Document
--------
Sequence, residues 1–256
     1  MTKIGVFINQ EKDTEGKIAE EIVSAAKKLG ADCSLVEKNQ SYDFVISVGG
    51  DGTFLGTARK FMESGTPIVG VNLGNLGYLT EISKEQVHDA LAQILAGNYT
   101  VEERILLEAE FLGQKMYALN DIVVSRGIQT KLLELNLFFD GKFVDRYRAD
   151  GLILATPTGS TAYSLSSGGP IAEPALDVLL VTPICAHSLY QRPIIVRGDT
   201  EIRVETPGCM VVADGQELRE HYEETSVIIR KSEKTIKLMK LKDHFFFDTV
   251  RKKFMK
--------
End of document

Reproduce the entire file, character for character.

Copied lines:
Sequence, residues 1–256
     1  MTKIGVFINQ EKDTEGKIAE EIVSAAKKLG ADCSLVEKNQ SYDFVISVGG
    51  DGTFLGTARK FMESGTPIVG VNLGNLGYLT EISKEQVHDA LAQILAGNYT
   101  VEERILLEAE FLGQKMYALN DIVVSRGIQT KLLELNLFFD GKFVDRYRAD
   151  GLILATPTGS TAYSLSSGGP IAEPALDVLL VTPICAHSLY QRPIIVRGDT
   201  EIRVETPGCM VVADGQELRE HYEETSVIIR KSEKTIKLMK LKDHFFFDTV
   251  RKKFMK